Future of Firmware

If you went back in time 20 years and showed an embedded systems engineer the hardware we have today, they would be amazed: megabytes of flash and RAM, CPUs that can execute hundreds of millions of instructions per second, built-in wireless peripherals. All for a few dollars.  If you then showed them the toolchain most embedded engineers are still using they'd be confused, "Oh yeah cool, I know these" they'd say in disbelief, and probably a little despair.

Our industry still relies heavily on a set of tools and protocols(GDB, UART, Make, etc) that were created before Die Hard came out. Not that the 1980s weren't great, but a lot of really awesome innovations have come out since then. Unfortunately, compared to software engineering our industry has been very slow on the adoption of these technologies. And for good reason. Many of the products we develop have a mean time to failure of years or even decades. We design mission critical infrastructure that CAN NOT FAIL. So it makes sense to always default to tried and true. But we shouldn't get so stuck in our ways that we are incapable of learning and improving.

We created this field guide to spotlight the amazing tools that are available to embedded engineers today, right now. The best part is that these tools have already been battle-tested and proven out by our fellow engineers in the software world. We're really just borrowing techniques they've been using for years, and adapting them to meet the quirky needs of firmware development.

This Field Guide is comprised of a series of tours through the core concepts and new technologies that we believe will be a part of every embedded systems engineer's toolkit in the future. If you are willing to make some small changes to your working approach we can assure you this: Not only will you ship faster with fewer bugs, you'll actually enjoy the development process more. For our team it led to a rediscovery of our passion for the craft of embedded systems development.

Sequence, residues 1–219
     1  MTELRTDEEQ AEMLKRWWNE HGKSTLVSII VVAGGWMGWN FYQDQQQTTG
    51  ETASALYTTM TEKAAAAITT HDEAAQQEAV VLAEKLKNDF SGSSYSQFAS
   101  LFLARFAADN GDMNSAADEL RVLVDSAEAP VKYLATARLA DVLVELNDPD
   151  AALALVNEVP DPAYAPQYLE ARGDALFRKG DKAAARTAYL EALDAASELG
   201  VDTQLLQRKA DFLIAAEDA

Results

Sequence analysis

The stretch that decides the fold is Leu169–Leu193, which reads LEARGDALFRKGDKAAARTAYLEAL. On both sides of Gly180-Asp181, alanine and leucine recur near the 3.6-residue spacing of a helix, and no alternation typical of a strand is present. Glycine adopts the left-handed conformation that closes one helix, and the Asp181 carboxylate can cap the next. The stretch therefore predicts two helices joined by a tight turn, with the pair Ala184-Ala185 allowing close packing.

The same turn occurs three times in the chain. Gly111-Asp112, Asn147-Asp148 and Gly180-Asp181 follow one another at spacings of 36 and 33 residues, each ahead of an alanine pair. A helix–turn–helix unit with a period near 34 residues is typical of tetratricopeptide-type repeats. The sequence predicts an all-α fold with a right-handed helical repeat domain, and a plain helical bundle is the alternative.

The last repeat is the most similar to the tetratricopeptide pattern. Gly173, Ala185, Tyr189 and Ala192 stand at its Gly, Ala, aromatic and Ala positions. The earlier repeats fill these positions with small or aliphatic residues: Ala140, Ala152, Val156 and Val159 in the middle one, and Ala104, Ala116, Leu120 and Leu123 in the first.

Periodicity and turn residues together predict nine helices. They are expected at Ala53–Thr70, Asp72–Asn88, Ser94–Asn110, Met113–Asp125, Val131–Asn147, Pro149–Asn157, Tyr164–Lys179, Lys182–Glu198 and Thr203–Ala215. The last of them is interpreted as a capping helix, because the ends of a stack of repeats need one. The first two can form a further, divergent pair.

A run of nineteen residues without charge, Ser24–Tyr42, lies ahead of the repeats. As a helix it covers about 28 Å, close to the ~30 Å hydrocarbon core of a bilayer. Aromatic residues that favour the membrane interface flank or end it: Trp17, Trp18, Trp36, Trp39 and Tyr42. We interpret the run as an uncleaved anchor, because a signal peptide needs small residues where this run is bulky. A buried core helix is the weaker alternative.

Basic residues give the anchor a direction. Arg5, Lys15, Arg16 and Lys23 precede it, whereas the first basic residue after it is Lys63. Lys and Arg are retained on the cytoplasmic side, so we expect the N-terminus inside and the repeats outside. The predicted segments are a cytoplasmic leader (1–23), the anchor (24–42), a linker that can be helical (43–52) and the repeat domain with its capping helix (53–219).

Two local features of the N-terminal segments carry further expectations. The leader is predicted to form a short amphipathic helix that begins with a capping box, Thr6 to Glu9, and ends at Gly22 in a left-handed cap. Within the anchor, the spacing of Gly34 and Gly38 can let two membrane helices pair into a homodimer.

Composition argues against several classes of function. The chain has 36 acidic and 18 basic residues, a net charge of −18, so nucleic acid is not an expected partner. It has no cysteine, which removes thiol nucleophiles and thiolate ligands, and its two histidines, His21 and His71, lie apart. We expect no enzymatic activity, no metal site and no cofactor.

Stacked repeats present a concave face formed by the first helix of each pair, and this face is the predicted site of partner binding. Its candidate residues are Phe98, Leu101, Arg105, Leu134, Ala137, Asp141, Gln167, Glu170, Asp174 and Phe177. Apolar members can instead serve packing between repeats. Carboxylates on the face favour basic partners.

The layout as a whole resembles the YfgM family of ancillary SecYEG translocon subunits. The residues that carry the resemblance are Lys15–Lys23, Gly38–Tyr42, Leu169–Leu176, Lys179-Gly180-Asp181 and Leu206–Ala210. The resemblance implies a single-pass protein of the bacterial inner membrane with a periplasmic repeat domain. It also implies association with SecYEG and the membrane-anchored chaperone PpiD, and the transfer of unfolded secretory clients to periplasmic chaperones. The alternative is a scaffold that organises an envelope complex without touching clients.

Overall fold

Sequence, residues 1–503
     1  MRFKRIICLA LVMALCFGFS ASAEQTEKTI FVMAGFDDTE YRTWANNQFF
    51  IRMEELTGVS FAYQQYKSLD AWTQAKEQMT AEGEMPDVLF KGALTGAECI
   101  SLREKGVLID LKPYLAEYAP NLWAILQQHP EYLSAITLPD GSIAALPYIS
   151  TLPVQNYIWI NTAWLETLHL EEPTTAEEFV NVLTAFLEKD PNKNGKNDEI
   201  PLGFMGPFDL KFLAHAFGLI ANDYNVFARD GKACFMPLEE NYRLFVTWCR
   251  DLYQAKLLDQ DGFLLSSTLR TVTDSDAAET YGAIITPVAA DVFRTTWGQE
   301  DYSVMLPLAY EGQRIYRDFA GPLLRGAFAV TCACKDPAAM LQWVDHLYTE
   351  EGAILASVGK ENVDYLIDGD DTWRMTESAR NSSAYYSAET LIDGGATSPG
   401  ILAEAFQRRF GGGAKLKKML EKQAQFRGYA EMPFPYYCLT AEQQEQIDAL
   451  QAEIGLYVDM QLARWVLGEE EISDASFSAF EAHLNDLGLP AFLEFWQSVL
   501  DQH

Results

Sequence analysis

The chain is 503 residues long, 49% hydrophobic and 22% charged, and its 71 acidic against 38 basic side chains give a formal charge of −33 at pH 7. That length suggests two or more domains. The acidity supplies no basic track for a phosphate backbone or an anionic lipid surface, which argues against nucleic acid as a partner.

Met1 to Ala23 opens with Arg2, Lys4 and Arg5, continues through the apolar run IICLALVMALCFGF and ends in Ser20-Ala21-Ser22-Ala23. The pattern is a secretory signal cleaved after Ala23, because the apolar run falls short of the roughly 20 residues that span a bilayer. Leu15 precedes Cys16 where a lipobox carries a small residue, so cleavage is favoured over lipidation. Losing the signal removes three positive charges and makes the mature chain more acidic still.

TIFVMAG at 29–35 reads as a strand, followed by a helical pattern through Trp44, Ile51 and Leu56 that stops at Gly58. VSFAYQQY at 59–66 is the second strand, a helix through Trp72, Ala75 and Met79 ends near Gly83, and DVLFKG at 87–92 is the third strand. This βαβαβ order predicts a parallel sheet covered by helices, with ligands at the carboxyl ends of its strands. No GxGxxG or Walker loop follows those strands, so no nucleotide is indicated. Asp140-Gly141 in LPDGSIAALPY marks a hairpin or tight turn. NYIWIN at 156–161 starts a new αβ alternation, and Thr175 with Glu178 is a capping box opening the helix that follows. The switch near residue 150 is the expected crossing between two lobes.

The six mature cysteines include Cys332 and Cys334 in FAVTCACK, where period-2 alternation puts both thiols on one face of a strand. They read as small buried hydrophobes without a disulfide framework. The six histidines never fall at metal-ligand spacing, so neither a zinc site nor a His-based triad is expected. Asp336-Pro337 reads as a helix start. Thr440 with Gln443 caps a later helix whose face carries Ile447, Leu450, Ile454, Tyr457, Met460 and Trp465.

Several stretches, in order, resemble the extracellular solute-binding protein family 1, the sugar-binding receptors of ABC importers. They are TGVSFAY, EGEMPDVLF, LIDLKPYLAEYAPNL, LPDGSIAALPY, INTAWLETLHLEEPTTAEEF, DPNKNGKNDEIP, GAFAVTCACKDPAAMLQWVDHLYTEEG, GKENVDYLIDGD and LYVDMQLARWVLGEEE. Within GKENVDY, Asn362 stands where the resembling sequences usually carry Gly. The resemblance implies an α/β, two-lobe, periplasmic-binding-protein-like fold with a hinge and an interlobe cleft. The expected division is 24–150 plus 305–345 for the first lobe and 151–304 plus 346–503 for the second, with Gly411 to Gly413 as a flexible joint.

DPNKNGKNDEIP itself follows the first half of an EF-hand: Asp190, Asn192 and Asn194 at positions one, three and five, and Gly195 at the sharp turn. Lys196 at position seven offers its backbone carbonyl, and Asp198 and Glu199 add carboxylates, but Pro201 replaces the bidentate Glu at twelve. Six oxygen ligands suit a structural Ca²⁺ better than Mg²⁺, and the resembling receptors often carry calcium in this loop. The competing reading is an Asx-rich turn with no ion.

Continuous Integration With On-Target Testing is a Must

Every line of firmware in a project will have corresponding tests(i.e. unit tests, system tests, etc) that run automatically using a modern build server like GitHub Actions or CircleCI. Because firmware is so tightly coupled with hardware in embedded systems, these tests MUST include on-target tests.

Despite being practically mandatory throughout the software world, continuous integration is an alien concept to most firmware teams. New code takes weeks or months to get integrated into a master branch because teams rely on tedious and slow manual testing, requiring dedicated engineering support, to catch code regressions.

Firmware Development Doesn't Depend on Proximity to the Hardware

More than ever, teams are distributed and people expect to work from literally anywhere with a good internet connection. "Remote" debugging should look and feel exactly like regular debugging. Being able to flash firmware, set breakpoints in code, stream serial output, read ADC, write GPIO, monitor communications busses like CAN or SPI, etc etc, should all be de-coupled from an engineers distance from their device-under-test(DUT). Your ability to develop and debug your firmware shouldn't require you to be sitting right next to your hardware.

Build Environments Are Portable

Engineers will be able to clone a project and immediately build it. Containerization technologies like Docker allow engineers to encapsulate everything needed(compiler, linter, build system, scripting language, etc) to build and test their project...in their project.

Too often cloning the project is only the beginning, the hard part is installing the necessary toolchain components and dependencies. At best this is time-consuming, at worst, it's an intractable IT nightmare.

Use a Modern Build System

Make should be revered...and then retired. Makefiles are notoriously fragile and debugging them can be maddening. There are now better builds systems that are easier to maintain and build faster. (e.g. CMake+Ninja). Even if you are committed to using make, you should use a modern build system manager like CMake to manage your builds versus manually editing Makefiles.

Realizing the above concepts will unleash a wave of innovation by making collaboration, testing, and development orders of magnitude easier, allowing teams to launch products at a pace currently unimaginable. It's an exciting time to be a modern embedded engineer. Yippee-ki-yay indeed.

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